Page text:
A matter of trust?

In previous post it was all about the alarmist statement that rebutting one claim by “climate contrarians” is like a whack-a-mole game: an ever repeating job. Apparently the solution seems to be: let’s ban them skeptics, then we can continue to save the world. On his blog the author mentioned that he didn’t want to start a fight, but just end one (by excluding those who disagree in the media). Welcome to our world.

Via Twitter I came across a similar construction, but with a slightly different approach: Climate change science, the consensus, and a matter of trust by Graham Wayne (he also writes for, ahem, “Skeptical” Science).

The post started a bit long-winding that there is no trust anymore in this society, but hallelujah, this is the good news:

One of the things I find most attractive about the scientific method is that it doesn’t require me to ‘trust’ scientists. Instead, there’s a more amenable and logical way to approach the issue – trust the work, the process, peer-review, the results and the repeatability of experiments. Not without some irony, we can also trust the competitive nature of science, for no scientist with an eye to his or her own success, to their place in the history of science, to the long-term value of their work and its merit, will subscribe to a theory or cite the work of others, if there is a reasonable chance that citation is wrong, that subscription is worthless.

Also here, we have the argument that science (and at the back of the mind it is assumed: climate science), follows the scientific method and is completely trustworthy. It depends on how one defines the scientific method. If it is the process of “observation, hypothesis, prediction and testing”, then they are in for a surprise. Of course it is always a nice thing to be able to assess a situation without knowing much about it, but is this assumption really true?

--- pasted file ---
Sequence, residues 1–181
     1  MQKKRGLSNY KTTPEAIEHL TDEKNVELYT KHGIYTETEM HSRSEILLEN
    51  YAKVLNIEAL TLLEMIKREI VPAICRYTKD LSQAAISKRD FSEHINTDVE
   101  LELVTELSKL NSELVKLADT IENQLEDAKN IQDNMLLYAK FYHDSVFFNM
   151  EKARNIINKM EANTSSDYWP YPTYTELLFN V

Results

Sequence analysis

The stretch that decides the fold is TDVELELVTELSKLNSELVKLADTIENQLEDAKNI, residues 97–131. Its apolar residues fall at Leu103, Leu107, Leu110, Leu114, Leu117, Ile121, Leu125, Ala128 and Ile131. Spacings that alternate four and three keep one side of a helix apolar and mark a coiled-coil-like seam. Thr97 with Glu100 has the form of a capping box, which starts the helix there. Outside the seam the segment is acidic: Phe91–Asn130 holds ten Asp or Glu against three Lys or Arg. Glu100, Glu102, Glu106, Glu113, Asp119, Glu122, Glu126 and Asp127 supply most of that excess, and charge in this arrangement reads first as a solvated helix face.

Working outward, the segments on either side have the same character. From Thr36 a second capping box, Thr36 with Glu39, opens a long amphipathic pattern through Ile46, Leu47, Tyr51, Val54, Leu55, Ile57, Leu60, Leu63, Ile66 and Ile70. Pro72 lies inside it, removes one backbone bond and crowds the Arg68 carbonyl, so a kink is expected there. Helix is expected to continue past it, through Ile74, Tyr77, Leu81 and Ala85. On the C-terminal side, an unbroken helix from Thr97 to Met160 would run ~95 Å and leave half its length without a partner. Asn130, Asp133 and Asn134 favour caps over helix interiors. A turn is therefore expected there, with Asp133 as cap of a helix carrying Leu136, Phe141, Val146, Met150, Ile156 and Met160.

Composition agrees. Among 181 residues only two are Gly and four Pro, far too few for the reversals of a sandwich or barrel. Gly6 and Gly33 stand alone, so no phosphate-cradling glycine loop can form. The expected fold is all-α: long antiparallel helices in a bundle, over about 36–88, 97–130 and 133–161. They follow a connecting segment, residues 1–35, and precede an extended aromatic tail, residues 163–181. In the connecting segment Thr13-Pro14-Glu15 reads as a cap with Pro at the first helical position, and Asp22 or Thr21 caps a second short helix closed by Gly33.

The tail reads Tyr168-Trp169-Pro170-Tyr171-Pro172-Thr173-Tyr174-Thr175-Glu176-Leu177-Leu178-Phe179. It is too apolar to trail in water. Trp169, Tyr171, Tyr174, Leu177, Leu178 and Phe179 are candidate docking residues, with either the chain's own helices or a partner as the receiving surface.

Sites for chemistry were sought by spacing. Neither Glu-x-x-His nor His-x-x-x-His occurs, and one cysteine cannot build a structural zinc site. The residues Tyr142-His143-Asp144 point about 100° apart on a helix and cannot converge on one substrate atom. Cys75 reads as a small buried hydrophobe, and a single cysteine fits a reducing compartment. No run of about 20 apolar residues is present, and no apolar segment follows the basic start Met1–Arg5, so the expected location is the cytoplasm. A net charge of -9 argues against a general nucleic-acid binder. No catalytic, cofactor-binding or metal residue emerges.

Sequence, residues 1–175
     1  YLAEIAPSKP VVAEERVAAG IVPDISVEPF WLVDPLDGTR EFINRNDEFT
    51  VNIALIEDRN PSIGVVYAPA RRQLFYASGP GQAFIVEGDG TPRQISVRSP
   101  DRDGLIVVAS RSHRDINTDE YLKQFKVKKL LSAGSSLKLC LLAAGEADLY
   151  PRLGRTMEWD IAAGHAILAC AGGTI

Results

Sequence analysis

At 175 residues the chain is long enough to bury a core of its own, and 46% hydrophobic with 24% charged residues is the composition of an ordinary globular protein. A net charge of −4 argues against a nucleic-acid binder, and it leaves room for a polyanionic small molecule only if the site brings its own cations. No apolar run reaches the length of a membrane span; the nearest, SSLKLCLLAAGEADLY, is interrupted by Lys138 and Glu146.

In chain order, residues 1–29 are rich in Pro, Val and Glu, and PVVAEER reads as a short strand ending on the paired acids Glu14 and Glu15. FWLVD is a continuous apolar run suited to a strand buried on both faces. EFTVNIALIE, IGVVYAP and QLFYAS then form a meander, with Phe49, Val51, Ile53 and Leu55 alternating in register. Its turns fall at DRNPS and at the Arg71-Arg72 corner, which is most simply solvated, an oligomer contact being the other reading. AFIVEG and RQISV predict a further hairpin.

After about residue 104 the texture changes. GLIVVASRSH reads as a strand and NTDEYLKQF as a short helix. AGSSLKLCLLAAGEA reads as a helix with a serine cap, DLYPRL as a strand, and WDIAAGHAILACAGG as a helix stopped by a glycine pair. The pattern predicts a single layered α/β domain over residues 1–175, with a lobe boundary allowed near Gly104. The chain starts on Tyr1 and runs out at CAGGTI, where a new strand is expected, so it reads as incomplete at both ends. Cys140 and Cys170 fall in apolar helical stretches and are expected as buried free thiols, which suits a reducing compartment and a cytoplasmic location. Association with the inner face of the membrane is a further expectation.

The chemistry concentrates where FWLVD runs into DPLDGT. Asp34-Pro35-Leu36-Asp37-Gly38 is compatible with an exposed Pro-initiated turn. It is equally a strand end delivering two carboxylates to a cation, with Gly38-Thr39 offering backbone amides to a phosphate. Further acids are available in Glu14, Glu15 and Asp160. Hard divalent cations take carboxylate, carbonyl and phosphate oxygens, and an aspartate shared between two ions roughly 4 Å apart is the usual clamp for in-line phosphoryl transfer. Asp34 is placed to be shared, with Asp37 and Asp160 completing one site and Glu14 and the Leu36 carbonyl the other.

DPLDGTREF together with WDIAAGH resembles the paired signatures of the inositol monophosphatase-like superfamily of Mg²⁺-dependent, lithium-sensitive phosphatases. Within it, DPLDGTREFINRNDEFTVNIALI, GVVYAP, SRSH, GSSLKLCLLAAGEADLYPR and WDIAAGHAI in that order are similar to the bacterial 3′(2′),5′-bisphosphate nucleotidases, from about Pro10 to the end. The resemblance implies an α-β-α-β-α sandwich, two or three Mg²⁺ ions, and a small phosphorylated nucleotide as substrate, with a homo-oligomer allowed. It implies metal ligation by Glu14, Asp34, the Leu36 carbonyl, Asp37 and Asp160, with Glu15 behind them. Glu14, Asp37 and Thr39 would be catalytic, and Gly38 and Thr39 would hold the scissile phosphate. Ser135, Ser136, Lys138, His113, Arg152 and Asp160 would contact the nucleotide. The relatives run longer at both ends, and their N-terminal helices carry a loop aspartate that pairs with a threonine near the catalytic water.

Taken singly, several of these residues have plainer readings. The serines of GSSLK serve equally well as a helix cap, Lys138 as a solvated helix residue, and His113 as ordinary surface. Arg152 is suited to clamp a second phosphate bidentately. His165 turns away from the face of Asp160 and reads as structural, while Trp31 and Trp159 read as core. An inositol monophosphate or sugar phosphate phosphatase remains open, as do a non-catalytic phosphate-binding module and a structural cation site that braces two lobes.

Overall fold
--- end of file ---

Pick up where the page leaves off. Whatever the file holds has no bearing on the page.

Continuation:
Maybe, maybe not.

In an exact science this certainly could be working, but Climate Science is not exactly an exact science. Peer review is not necessarily the best tool in a small group. The repeatability could also be an issue in a chaotic system, especially when not much long term data is gathered yet.

Sure there is no need to trust scientists if we trust their work. But aren’t those scientists doing that work in the first place? Why hammering this “scientific method” when this has no real importance in a post-normal science? Why the emphasis on the competitive nature of science when the scientists avoiding the debate with those who are skeptical? Why hiding behind a 97% figure when there is unequivocal evidence?

The real irony is that there is no conclusive evidence yet that man is the dominant cause for the 20th century warming. But, but, doesn’t the IPCC have O V E R W H E L M I N G evidence that man is responsible? With a certainty of 95%! Coming from 90% in the last report. Isn’t that proof? That is an opinion of a group scientists. In the end that overwhelming evidence is circumstantial evidence, okay I admit, a lot of it. That overwhelming amount of evidence is needed because it is not possible to conclusively proof it. When there is clear evidence, why not just place it on the table for all to see? Why not facing skeptics head on? Wouldn’t that build trust?

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